Last summer officers from the Aurora, Colorado police department held Brittney Gilliam and four underage members of her family at gun point after mistakenly identifying their vehicle as stolen.
On Monday, Gilliam sued the city of Aurora, Chief Vanessa Wilson and five police officers, alleging the officers had no legal grounds for their actions.
The incident happened on a Sunday morning in August. According to APD, officers were notified of a possible stolen vehicle in the area.
APD said the officers identified a vehicle that matched the license plate number and description they were given and conducted a traffic stop on the vehicle.
The occupants of the vehicle included Gilliam, who was driving, her 17-year-old sister, her 6-year-old daughter and two nieces, ages 12 and 14.
The family had drove to a nail salon, only to realize that it was closed, and were sitting in the parked car looking on Gilliam’s phone for another salon.
Police approached their vehicle with guns drawn and told the family to get out of the car and lay face down on the ground. Gilliam and at least two of the children were handcuffed.
The lawsuit alleges that the officers targeted the family because they were Black.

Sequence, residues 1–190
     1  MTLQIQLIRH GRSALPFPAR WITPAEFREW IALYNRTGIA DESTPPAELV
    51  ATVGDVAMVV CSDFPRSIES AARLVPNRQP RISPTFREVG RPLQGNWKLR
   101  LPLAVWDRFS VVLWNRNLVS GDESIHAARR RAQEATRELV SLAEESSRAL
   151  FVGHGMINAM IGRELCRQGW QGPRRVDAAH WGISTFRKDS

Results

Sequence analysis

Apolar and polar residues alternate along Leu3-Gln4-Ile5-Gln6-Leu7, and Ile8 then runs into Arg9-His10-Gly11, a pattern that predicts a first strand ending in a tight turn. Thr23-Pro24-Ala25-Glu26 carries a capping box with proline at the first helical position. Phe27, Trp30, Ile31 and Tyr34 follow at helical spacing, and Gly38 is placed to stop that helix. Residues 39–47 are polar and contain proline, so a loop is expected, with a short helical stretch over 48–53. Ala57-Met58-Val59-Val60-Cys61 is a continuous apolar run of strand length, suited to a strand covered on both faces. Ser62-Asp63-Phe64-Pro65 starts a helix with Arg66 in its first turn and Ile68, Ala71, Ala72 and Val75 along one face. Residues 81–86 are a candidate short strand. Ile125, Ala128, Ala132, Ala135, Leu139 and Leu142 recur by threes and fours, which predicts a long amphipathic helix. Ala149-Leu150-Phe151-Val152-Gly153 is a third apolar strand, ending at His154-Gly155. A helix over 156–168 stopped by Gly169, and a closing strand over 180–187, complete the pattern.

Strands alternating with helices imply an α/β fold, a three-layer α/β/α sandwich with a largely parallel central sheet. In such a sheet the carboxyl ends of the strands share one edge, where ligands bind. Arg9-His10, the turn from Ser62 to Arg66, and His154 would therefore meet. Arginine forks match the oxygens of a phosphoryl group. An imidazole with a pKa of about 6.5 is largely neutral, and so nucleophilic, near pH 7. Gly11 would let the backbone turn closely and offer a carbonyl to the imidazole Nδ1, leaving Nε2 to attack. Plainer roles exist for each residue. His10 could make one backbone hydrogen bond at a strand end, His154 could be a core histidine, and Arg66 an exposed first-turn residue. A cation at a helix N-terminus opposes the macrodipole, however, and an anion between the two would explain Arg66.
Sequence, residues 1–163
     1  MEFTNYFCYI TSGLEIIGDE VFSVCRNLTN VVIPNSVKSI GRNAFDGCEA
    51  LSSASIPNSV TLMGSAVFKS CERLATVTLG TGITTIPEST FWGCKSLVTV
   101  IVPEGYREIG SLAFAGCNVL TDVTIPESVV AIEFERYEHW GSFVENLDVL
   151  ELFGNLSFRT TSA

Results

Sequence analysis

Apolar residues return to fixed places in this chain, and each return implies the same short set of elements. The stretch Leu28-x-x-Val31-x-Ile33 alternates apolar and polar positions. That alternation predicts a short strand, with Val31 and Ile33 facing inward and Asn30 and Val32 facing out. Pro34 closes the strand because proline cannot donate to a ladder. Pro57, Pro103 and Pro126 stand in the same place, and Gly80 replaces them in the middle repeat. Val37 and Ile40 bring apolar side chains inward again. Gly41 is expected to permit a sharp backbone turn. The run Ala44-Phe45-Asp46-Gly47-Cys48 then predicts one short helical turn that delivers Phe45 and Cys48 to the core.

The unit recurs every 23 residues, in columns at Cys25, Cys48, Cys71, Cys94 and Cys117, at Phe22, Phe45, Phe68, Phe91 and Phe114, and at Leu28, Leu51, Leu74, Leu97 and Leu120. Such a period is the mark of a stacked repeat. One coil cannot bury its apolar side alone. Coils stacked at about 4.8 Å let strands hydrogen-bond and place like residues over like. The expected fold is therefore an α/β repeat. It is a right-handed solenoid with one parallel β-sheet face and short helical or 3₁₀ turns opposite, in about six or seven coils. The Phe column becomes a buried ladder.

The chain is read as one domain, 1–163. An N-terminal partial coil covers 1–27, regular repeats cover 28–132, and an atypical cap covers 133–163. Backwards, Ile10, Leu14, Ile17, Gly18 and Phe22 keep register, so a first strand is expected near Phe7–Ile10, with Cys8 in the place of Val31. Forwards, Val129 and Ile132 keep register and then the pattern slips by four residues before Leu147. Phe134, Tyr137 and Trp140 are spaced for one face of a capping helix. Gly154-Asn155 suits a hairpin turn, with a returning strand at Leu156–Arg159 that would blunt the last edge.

“The deplorable fact that multiple Aurora police officers held innocent Black children handcuffed and at gunpoint, and multiple other officers did not intervene, is evidence of the profound and systematic problem of racism and brutality within APD,” says the lawsuit, which also names five Aurora police officers and Police Chief Vanessa Wilson as defendants.
According to the lawsuit, the girls have suffered serious emotional trauma and stress since the incident. The four minors have attended weekly therapy since the encounter with the police in August.
The Aurora Police Department said the officers conducted the traffic stop because they believed that Gilliam had a stolen car. Saying they thought the vehicle she was in shared the license plate number of a stolen motorcycle. They later realized that the plates belonged to a motorcycle from a different state.
The District Attorney’s Officer said this month that after reviewing the incident, the officers involved would not face any charges. The prosecutor’s office said there was no evidence that the officers acted unlawfully despite the “disturbing fact” that children were held at gunpoint.